Philosophy Placement Data: An Update on APDA


Academic Placement Data and Analysis (APDA), a project funded by the American Philosophical Association (APA) and headed by Carolyn Dicey Jennings (UC Merced), aims “to make information on academic job placement useful to prospective graduate students in philosophy.” The project has just been updated to include new data, which Professor Jennings describes in a post at New APPS. She also announces a new interactive data tool with which one can sift through and sort information, that looks like this:

apda-2016-9-interactive-data-tool-screenshot

The APDA 2016 Final Report informs us that the database has grown:

We had 1,862 graduates in June 2015 and we now have 4,337 graduates, in August 2016 (and 2,659 placements in June 2015 to 5,761 placements today).

Here’s some more detailed information from the report:

Other than those graduates with unknown primary AOS, most were in Ethics (11%, 495), followed by Social/Political Philosophy (6%, 241), Philosophy of Mind (5%, 228), Epistemology (5%, 221), Ancient Philosophy (4%, 191), Metaphysics (4%, 188), Philosophy of Science (4%, 187), Continental Philosophy (4%, 185), Modern Philosophy (4%, 175), Philosophy of Language (3%, 151), Applied Ethics (3%, 117), Philosophy of Cognitive Science/Psychology/Neuroscience/Linguistics (2%, 105), Logic (1%, 62), 19th/20th Century Philosophy (1%, 57), Philosophy of Art/Aesthetics (1%, 54), Metaethics (1%, 53), Asian Philosophy (1%, 51), and Philosophy of Biology (1%, 45). (19 other fields yield less than 1% of the total graduates.)

66% of the graduates are men (2845), 27% are women (1160), 330 are unknown (8%), and a fraction of a percentage are “other” (1) or “prefer not to answer” (1).

93% of the graduates have an ethnicity (4040) and race (4025) that are currently unknown or “prefer not to answer,” with 6% white, non-Hispanic (279) and the other percent Asian, non-Hispanic (20) or “two or more races,” non-Hispanic (13).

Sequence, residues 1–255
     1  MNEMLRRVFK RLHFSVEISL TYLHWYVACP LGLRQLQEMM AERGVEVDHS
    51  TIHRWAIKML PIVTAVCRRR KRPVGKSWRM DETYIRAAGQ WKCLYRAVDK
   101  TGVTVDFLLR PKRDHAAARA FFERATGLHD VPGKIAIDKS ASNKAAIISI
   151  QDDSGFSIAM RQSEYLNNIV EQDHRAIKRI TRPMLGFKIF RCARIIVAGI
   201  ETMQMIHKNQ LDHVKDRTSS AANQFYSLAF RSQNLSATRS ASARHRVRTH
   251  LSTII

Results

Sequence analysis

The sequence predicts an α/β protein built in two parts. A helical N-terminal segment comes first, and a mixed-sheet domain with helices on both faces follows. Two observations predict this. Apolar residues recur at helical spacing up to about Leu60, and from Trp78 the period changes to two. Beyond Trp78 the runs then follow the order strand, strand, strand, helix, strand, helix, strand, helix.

There are also these interesting findings from Chelsea Gordon and Sam Spevack:

Gender is a significant predictor of how participants answer the question “how likely are you to recommend this program to other prospective students?”, with women being less likely to recommend their program. This is a significant effect (p .01).

Those who have permanent placements rate their PhD programs higher (are more likely to recommend them) than those with temporary placement positions. (p < .01). Postdocs tend to rate in between. Interestingly, this could be an effect of better programs providing better placements, or of people with permanent positions judging their previous programs as better because of their positive outcome and higher level of satisfaction.

Using LIWC (Linguistic Inquiry and Word Count) for the free response questions in the survey, those with temporary positions talk about money more, and women talk about affiliation more (and these reach significance in a linear mixed model).

For all programs with 5 or more respondents, we have a set of key words that graduates tended to use to describe that program. We will make this data public in the near future to help provide a snapshot of graduate programs, especially for the sake of prospective graduate students.

There is a signficant interaction between response on confidence rating and gender in predicting recommendation likelihood, (p < .04). Women with higher confidence are more likely to recommend their graduate programs, while men with higher confidence are less likely to recommend theirs.

The graphs below are based graduates from between 2012 and 2016.  Jennings writes, “We have not yet started checking new data (program representatives have added over 400 graduates since August 15th), so there may be some errors (including those noted here). We are currently working on writing up some results from the survey into one or more papers, which should be available sometime in early 2017. Feedback is welcome!”

See the New APPS post and the APDA site for further details.

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Matthew Smith